NEED TO FATHOM THE DEPTHS
If you have listened and followed the comments of Bosnian Croat leaders in recent months, you would not have come to such an uninformed conclusion that Bosnian Croat "policies may indicate movement toward integration with Croatia...." This, coupled with your citation of multiple and dubious Yugo sources, makes me doubt seriously that you fathom the depth of how the Serbs almost succeeded in carving out a Greater Serbia. [See "New Balkan Policy Needed," April 2001, "Keys to Stability in the Balkans," November 1999] Your proposal for amnesty to Milosevic in exchange for a financial bailout of Yugo is both morally and ethically repugnant. This points out the complete lack of accountability you attribute to the Serbian people for the multiple wars they began. Bury it under the rug and it will go away. Those weren't thousands of mannequins throwing roses at Serb tank columns on the way to Vukovar in November 1991. Until the Serbian people can come to grips with the facts, nothing will change. Throwing money at them and letting off the criminals in their government, both past and current, does nothing but justify their means. The following quote is an accurate description of how the Serbs view their current situation: "The main thing we are interested in," said Dejan Milojevic, a town official in Aleksinac, south of Belgrade, "is how to cash in on all the misery we've been through. We are willing to admit guilt in Kosovo if that will bring in money." [New York Times, Feb. 11, 2002 "The Trial of Milosevic Will Peel Layers of Balkan Guilt, Too."]
Kostunica and company say one thing to sound good to the West and do something completely different for domestic political consumption. The current political and cultural situation for Croats in Bosnia-Herzegovina (BH) is as bad as it was, or even worse, than during the war. True, there is no more military activity. However, there has been practically no Croat repatriation. There were about 800,000 Croats in Bosnia before the war, most of which lived outside of Herzegovina. Now, barely 300,000 are left. With their democratically elected representatives summarily dismissed, their cultural rights repressed, and grievances ignored both by the Sarajevo government and the Office of the High Representative, what other choices are there but to try to do things on their own? Unlike the Republika Srpska, they are the first to tell you that they cannot survive on their own. They are the first to tell you that they want to be a constitutive nation, co-equal with the other two groups, just like the BH Constitutional Court ruled in the not too distant past. Talk is cheap. Unless the rights of the largest minority in BH, the Croats, are adequately addressed with the representatives who are supported by the majority of the BH Croats, not some lackeys appointed by the High Rep, there will be no resolution to the political morass that is BH.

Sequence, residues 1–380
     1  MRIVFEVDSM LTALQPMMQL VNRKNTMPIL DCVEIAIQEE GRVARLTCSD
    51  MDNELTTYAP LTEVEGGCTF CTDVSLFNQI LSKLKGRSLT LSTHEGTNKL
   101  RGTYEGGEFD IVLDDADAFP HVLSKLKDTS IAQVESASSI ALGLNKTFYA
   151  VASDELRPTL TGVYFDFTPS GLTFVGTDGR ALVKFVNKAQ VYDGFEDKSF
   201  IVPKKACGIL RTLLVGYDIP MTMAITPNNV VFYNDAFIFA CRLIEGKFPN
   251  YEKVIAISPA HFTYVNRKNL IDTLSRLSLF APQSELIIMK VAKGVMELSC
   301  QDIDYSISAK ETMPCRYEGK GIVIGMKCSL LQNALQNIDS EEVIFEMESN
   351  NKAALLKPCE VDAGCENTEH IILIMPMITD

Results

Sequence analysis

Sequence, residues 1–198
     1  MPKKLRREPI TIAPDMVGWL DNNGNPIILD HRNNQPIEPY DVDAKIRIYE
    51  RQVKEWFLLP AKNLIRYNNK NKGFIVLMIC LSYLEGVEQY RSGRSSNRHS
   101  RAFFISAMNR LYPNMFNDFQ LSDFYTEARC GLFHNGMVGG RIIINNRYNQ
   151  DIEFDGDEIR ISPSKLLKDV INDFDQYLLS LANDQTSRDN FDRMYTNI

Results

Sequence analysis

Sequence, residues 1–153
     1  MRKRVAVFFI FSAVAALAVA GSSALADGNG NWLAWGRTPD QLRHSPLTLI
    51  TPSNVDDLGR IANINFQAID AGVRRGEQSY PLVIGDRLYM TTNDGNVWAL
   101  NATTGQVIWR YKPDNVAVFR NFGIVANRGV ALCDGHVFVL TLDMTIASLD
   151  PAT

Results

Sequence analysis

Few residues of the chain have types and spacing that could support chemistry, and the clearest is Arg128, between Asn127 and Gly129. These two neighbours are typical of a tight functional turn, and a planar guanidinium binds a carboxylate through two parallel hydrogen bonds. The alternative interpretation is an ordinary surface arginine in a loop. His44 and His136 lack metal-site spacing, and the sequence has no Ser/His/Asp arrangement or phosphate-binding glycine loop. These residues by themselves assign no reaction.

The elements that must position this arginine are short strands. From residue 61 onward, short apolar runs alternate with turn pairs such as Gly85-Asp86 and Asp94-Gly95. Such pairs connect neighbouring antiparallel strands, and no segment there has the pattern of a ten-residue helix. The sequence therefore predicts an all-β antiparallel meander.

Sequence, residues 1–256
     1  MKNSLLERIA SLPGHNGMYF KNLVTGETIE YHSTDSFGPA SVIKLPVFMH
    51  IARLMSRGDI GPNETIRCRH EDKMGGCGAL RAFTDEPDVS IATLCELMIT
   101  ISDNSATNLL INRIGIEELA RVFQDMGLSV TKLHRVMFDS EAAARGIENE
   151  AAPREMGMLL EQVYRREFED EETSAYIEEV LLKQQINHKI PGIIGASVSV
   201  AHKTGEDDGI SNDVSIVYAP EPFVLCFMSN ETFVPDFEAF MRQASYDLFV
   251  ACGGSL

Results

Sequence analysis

Your recommendation that any status changes in BH (or Yugo) must be achieved through the consent of all parties within the state sounds like a prescription for disaster. This proposal is much like the way the beginnings of the war in Slovenia, Croatia, and BH was handled by the likes of Carrington, Owen, and the rest of the spineless mealy mouths who talked about peace but were satisfied with the status quo as long as it didn't spill out of ex-Yugoslavia proper. The clamoring for minority rights must include those rights of Croats in BH, the largest minority in BH. Without seriously addressing those rights, BH is doomed to either permanent protectorate status or failure.
- Tom Kuzmanovic <firstname.lastname@example.org>
(Editor's Note: For the most recent FPIF analysis of Bosnia-Herzegovina, see Robert Belloni, "Bosnia-Herzegovina Conflict Profile," at http://www.selfdetermine.org/conflicts/bosnia.html .)
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